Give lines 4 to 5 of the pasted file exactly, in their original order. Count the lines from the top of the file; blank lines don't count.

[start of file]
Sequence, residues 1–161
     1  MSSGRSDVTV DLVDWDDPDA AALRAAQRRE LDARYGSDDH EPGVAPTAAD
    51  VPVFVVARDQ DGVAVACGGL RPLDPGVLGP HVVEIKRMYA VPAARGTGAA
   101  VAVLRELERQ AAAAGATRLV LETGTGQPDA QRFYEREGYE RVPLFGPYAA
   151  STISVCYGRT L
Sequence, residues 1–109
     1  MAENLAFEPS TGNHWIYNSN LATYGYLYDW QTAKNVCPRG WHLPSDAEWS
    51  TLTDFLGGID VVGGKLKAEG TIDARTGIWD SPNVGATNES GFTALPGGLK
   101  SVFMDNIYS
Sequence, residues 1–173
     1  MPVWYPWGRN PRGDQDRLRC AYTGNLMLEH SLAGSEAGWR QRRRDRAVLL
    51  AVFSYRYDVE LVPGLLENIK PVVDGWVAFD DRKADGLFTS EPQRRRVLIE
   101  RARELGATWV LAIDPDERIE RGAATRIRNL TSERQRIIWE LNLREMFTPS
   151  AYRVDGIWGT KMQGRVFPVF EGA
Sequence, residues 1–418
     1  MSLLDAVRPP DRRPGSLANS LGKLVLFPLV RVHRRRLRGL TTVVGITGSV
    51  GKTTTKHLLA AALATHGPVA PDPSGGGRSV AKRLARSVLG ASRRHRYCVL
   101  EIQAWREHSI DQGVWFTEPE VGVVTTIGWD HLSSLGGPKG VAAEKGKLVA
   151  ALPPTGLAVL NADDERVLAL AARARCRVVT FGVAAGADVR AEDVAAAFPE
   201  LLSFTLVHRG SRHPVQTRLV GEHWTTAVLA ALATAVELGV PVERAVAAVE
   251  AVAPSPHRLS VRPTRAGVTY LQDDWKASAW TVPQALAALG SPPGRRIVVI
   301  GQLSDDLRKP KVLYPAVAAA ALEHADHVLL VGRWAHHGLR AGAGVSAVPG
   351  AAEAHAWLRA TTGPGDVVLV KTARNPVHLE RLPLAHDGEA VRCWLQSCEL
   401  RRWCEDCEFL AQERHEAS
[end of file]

   101  VAVLRELERQ AAAAGATRLV LETGTGQPDA QRFYEREGYE RVPLFGPYAA
   151  STISVCYGRT L